Upper Arlington City Council doesn't intend to meet or take action through the month of April, but that might change if action is needed and measures are taken to allow public input.
Council last met during a scheduled meeting March 9.
Because of a planned recess for spring break, council didn't hold a conference session March 16, nor did its members convene for a regular meeting March 23.
Meetings are held at the Municipal Services Center, 3600 Tremont Road.
Council tentatively has canceled April meetings and conference sessions as a precaution related to the COVID-19 coronavirus pandemic.
Council president Kip Greenhill said he hasn't decided if council will depart from those plans and decide to hold conference sessions in April, with each member participating via video teleconferencing.
"If there's a reason for us to meet, it'll probably be in conference sessions electronically," Greenhill said. "Council members would be in their homes."
Council holds conference sessions the first and third Mondays of each month in which members hear staff reports and discuss legislation that's scheduled to come before them at regular meetings, which take place the second and fourth Mondays.
Although conference sessions are open to the public, council typically doesn't take public comment, nor does it usually pass legislation. Those activities most often are reserved for regular meetings.
On March 13, Ohio Attorney General Dave Yost issued a letter to school boards, city councils and other local legislative bodies on livestreaming public meetings under a "very limited fact pattern" during the pandemic.
Yost's letter offered guidance and not an official legal position, according to Dave O'Neil, Yost's senior public-information officer. Public bodies should consult with their legal counsels, O'Neil said.
"Ohio's OMA requires public bodies to take official action and conduct all deliberations upon official business in public meetings that are open to the public at all times. (Ohio Revised Code) 121.22," Yost wrote. "When recently asked, I pointed out that the OMA does not contain an exception to the 'in-person' requirement during the time of a declared emergency. R.C. 121.22(C).
"The OMA provides very few exceptions to this requirement."
Yost wrote that local officials may meet in a telephone conference or virtual call but that the public must be able to hear all discussions and deliberations, and if any officials' connection is dropped, the meeting must be suspended until it is restored.
"If a public body gives the public access to a meeting electronically and the members of the body appear telephonically, the body must still ensure that the public is able to hear the discussions and deliberations of all of the members, even those who are present via telephonic means," Yost wrote. "Finally, all other requirements of the OMA will apply, including those that govern notice, executive session and the taking of meeting minutes."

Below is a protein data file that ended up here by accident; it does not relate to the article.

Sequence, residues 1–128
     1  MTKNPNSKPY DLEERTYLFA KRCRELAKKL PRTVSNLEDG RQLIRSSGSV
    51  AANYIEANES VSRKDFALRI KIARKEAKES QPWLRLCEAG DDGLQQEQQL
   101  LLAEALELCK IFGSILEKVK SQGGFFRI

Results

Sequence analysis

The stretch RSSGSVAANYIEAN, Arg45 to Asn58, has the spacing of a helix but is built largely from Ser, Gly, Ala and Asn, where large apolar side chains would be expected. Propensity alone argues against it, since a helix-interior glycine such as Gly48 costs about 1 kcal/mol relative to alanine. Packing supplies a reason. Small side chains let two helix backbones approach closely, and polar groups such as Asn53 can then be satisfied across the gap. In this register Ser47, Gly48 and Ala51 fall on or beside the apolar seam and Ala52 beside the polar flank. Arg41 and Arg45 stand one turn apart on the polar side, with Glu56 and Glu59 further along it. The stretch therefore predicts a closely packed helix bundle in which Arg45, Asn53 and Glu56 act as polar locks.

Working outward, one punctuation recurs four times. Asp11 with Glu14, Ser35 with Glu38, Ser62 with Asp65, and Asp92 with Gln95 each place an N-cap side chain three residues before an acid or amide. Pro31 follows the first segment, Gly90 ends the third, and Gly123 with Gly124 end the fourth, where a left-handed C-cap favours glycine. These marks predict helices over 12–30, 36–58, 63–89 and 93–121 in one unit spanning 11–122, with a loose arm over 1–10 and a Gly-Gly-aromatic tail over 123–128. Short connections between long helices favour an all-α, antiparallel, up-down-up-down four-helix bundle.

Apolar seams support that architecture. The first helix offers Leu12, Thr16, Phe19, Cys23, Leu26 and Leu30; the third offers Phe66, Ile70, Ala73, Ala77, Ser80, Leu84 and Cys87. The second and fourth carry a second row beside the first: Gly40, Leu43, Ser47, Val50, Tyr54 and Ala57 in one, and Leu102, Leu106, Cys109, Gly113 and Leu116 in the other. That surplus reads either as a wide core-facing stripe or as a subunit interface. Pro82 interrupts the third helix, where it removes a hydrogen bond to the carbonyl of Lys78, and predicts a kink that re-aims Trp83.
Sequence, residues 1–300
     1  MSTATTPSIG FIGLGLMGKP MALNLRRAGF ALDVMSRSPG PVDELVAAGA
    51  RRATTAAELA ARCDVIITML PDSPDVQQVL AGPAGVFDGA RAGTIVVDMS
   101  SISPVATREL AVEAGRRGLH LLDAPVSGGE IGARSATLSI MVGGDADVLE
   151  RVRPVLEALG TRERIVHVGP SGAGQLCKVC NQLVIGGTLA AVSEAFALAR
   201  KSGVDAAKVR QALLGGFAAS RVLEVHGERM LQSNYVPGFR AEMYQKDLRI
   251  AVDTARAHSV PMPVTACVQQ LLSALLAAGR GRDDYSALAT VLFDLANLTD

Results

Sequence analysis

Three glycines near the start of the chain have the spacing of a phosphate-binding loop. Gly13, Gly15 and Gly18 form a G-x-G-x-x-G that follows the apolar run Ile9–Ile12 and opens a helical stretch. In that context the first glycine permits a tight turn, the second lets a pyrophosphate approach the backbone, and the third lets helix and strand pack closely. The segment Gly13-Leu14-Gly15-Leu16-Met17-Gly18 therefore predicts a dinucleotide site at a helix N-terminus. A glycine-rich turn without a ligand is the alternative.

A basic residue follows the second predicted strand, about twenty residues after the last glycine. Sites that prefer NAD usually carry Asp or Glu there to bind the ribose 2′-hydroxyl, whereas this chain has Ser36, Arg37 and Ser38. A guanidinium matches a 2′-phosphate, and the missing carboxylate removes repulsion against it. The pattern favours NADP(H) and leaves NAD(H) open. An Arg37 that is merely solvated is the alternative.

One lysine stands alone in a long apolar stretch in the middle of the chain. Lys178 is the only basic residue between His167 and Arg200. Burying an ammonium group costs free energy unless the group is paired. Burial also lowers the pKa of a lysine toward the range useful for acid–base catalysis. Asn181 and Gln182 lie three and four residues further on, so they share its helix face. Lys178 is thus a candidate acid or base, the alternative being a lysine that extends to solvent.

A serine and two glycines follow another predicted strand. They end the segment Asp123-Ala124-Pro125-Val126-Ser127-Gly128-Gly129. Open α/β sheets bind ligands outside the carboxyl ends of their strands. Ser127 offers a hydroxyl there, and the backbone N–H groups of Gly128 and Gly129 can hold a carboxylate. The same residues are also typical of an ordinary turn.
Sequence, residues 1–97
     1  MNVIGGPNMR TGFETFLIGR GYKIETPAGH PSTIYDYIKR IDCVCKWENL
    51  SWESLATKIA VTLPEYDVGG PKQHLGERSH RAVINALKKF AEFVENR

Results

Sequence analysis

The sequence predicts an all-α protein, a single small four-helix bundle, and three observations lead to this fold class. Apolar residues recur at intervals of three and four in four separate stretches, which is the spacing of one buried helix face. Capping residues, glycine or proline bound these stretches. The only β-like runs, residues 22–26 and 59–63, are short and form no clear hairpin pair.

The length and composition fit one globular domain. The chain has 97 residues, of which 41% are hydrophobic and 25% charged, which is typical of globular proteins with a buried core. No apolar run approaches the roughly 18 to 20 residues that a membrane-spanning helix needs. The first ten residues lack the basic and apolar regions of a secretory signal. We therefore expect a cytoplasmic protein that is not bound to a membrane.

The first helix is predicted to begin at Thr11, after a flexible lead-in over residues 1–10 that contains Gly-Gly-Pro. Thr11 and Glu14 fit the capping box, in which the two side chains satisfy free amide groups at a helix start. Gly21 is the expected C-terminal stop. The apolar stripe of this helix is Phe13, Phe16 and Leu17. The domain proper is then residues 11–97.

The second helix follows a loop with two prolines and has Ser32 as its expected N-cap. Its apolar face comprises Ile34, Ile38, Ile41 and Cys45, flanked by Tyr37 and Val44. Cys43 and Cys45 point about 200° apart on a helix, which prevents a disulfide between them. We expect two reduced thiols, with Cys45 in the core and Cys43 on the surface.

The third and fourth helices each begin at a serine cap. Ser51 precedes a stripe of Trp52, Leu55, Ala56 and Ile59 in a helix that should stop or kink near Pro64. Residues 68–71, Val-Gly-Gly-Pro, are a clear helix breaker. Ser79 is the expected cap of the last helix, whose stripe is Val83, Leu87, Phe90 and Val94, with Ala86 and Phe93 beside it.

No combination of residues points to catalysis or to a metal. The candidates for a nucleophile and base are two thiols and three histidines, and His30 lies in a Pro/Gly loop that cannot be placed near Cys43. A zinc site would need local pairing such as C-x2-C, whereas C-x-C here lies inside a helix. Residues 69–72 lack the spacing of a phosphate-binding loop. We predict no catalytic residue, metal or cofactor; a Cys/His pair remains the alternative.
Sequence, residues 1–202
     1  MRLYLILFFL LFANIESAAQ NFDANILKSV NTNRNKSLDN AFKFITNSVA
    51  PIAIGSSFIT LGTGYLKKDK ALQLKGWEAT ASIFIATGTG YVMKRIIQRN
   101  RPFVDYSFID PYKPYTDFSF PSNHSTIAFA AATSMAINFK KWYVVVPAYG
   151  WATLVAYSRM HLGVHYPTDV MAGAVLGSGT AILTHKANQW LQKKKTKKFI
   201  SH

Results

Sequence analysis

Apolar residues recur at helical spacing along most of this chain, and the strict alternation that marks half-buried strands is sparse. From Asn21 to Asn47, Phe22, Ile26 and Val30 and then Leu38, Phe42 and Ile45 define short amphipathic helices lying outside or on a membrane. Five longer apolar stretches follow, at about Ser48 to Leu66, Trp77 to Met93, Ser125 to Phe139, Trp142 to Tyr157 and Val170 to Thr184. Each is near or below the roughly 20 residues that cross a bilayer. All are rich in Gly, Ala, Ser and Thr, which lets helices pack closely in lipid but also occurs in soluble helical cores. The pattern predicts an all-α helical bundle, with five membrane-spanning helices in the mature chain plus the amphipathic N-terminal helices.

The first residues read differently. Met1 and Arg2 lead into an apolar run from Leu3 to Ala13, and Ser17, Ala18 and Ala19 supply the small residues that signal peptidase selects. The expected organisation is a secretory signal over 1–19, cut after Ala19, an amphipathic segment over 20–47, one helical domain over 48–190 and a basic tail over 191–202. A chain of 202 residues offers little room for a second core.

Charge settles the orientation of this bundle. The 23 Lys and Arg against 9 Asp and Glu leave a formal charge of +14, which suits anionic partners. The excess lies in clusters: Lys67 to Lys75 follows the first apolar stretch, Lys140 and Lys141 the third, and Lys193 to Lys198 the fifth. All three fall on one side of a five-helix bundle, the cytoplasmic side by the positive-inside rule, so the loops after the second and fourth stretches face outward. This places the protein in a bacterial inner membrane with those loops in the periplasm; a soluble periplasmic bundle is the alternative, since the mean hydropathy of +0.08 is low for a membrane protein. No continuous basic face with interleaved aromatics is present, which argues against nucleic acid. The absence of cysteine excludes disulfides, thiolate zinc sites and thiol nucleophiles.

A quorum also must be present, the letter said.
"As a final word of unsolicited, non-legal advice: Please note that the procedure outlined in this letter is meant to address the unique situation that all of Ohio is dealing with," Yost wrote. "Now is not the time to rely on this guidance in order to enact legislation unrelated to the instant emergency that is better reserved for the normal operations of government (e.g. to pass a new tax or enact a new regulatory scheme). It is also important that county prosecutors, local law directors and city attorneys independently research whether there is any case law in their respective jurisdiction that would specifically prohibit the procedure that I have outlined here. This office does not represent local governments, and this letter is offered as guidance regarding our reading of the law."
Greenhill said it's possible council members will determine there's a need to hold a regular meeting and take legislative action in April.
However, he said, such a decision would be made only if immediate legislative action were needed and if the city could ensure the livestream could be broadcast to the public and that the public could provide input.
"If we do need to vote, we'll make sure there is a chance for community input," Greenhill said. "This council and our city administration is very committed to the community input.
"There's a lot of things that would need to be worked out. This is all unchartered territory. But if a vote was necessary -- let's say on some type of purchase -- that the public would also be able to weigh in on a vote."
Greenhill said if such a scenario were to arise, council would consult with the Upper Arlington City Attorney's Office before deciding if a regular meeting would be held and legislative action would be taken.
"The voting is the thing we want more legal input on," he said.
"Our city attorney (Jeanine Hummer) will give us good advice and direction."
Council has broadcast livestreams of its conference sessions and regular meetings via the city's website and Facebook page since June 2018.